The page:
2010 - Fellow of the American Association for the Advancement of Science (AAAS)
His primary areas of study are Molecular biology, Cell culture, Messenger RNA, Oligonucleotide and Gene expression. His studies deal with areas such as Reticulocyte, Oncogene, HeLa, Leukemia and Deoxyribonuclease as well as Molecular biology. The concepts of his Cell culture study are interwoven with issues in Cancer cell, Biophysics, Cell growth and Intracellular.
His Messenger RNA study improves the overall literature in Gene. His Gene study incorporates themes from Immunofluorescence and Transferrin receptor. Oligonucleotide is the subject of his research, which falls under Biochemistry.
His main research concerns Molecular biology, Biochemistry, Oligonucleotide, Cancer research and Messenger RNA. His research integrates issues of Gene expression, Gene, Peptide nucleic acid, Oncogene and Receptor in his study of Molecular biology. His Oncogene research focuses on Cancer cell and how it relates to Biophysics, Nanotechnology, Antibody and Carbon nanotube.
As a member of one scientific family, he mostly works in the field of Oligonucleotide, focusing on Stereochemistry and, on occasion, Stereospecificity and Nucleotide. Eric Wickstrom combines subjects such as Breast cancer and Gene silencing with his study of Cancer research. His Mutant research extends to the thematically linked field of Messenger RNA.
Eric Wickstrom mainly focuses on Breast cancer, Molecular biology, Biochemistry, Receptor and Cancer. Eric Wickstrom has included themes like Gene knockdown, RNA, Oligonucleotide, DNA and Messenger RNA in his Molecular biology study. The subject of his Oligonucleotide research is within the realm of Gene.
His studies in Messenger RNA integrate themes in fields like Mutation and Wild type. In general Biochemistry, his work in Monoamine oxidase is often linked to Fluorescence microscope, Monoamine neurotransmitter and DAMGO linking many areas of study. His Receptor research includes elements of Western blot, Peptide and DOTA.
The scientist’s investigation covers issues in Biochemistry, Molecular biology, microRNA, Breast cancer and Confocal microscopy. His work on Endocytosis and Receptor as part of general Biochemistry study is frequently connected to Fluorescence microscope and Monoamine neurotransmitter, therefore bridging the gap between diverse disciplines of science and establishing a new relationship between them. His biological study spans a wide range of topics, including RNA, DNA-directed RNA interference, Oligonucleotide, DNA and RNA silencing.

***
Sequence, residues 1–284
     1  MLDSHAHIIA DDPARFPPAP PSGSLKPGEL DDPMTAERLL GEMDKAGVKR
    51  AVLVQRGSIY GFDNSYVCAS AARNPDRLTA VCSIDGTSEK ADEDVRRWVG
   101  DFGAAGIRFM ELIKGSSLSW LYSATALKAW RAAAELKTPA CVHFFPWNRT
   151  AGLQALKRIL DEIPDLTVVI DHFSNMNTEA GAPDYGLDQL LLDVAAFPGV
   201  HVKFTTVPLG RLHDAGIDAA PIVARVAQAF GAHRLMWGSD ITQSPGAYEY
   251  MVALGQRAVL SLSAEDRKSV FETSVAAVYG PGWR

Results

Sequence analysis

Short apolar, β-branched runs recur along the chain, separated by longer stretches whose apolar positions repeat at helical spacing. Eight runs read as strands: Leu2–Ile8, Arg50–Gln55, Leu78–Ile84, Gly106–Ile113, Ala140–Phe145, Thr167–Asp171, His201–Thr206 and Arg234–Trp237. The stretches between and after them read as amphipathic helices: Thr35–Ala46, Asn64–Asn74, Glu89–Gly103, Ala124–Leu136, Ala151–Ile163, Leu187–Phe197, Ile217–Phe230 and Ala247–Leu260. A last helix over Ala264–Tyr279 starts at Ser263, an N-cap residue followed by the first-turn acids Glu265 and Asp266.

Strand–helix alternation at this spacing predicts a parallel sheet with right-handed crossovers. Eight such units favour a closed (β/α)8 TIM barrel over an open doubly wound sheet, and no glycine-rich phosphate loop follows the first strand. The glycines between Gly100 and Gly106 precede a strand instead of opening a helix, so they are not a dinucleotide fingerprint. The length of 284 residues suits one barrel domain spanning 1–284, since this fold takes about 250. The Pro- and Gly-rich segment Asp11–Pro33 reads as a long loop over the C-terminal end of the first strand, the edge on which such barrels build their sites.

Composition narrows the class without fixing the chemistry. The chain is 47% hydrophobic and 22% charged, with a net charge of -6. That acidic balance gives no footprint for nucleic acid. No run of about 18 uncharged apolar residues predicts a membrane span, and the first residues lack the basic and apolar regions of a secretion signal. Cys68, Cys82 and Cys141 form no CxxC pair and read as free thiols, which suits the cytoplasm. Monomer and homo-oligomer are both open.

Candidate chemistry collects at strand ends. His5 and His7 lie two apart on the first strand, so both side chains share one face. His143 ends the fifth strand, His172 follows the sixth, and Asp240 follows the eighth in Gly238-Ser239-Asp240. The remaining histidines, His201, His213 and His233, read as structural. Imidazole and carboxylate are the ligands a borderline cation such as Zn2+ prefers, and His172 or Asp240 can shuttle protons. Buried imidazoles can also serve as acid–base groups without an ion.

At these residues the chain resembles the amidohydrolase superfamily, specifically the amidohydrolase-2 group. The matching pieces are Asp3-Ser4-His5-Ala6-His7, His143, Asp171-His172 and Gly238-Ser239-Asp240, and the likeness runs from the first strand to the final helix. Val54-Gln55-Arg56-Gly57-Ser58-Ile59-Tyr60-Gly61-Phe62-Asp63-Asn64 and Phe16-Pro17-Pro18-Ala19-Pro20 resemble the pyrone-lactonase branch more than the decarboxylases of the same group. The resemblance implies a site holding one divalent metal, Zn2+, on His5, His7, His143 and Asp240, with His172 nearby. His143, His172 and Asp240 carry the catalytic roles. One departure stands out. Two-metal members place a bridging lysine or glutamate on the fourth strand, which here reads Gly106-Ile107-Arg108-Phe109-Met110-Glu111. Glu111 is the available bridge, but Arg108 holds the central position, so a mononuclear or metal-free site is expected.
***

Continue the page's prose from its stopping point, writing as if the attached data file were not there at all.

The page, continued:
Combinatorial chemistry, Carborane, Gene, Membrane and Sequence is closely connected to Nucleic acid in his research, which is encompassed under the umbrella topic of RNA. His microRNA research is multidisciplinary, incorporating elements of Tumor suppressor gene, Cancer research, RNA-binding protein and Cell biology. In his study, Pathology and In vivo is inextricably linked to Gene expression, which falls within the broad field of Cancer research.
This overview was generated by a machine learning system which analysed the scientist’s body of work. If you have any feedback, you can contact us here.
A c-myc antisense oligodeoxynucleotide inhibits entry into S phase but not progress from G0 to G1
Reino Heikkila;Gisela Schwab;Eric Wickstrom;Shee Loong Loke.
Human promyelocytic leukemia HL-60 cell proliferation and c-myc protein expression are inhibited by an antisense pentadecadeoxynucleotide targeted against c-myc mRNA
Erica L. Wickstrom;Thomas A. Bacon;Audrey Gonzalez;Dennis L. Freeman.
Proceedings of the National Academy of Sciences of the United States of America (1988)
Oligodeoxynucleotide stability in subcellular extracts and culture media.
Thomas A. Bacon;Francois Morvan;Bernard Rayner;Jean-Louis Imbach.
Journal of Biochemical and Biophysical Methods (1986)
Oligodeoxynucleoside phosphorothioate stability in subcellular extracts, culture media, sera and cerebrospinal fluid.
Jeannette M. Campbell;Thomas A. Bacon;Eric Wickstrom.
Journal of Biochemical and Biophysical Methods (1990)
The inhibition of Staphylococcus epidermidis biofilm formation by vancomycin-modified titanium alloy and implications for the treatment of periprosthetic infection.
Valentin Antoci;Christopher S. Adams;Javad Parvizi;Helen M. Davidson.
Vancomycin Covalently Bonded to Titanium Beads Kills Staphylococcus aureus
Binoy Jose;Valentin Antoci;Allen R. Zeiger;Eric Wickstrom.
Chemistry & Biology (2005)
Prospects for antisense nucleic acid therapy of cancer and AIDS
Interactions of antisense DNa oliginucletide analogs with phospholid membranes (liposomes)
Saghir akhtar;Soumitra Basu;Eric Wickstrom;R.L. Juliano.
Nucleic Acids Research (1991)
Vancomycin covalently bonded to titanium alloy prevents bacterial colonization.
Valentin Antoci;Samuel B. King;Binoy Jose;Javad Parvizi.
Journal of Orthopaedic Research (2007)
Integrated molecular targeting of IGF1R and HER2 surface receptors and destruction of breast cancer cells using single wall carbon nanotubes
Ning Shao;Shaoxin Lu;Eric Wickstrom;Balaji Panchapakesan.
If you think any of the details on this page are incorrect, let us know.
We appreciate your kind effort to assist us to improve this page, it would be helpful providing us with as much detail as possible in the text box below: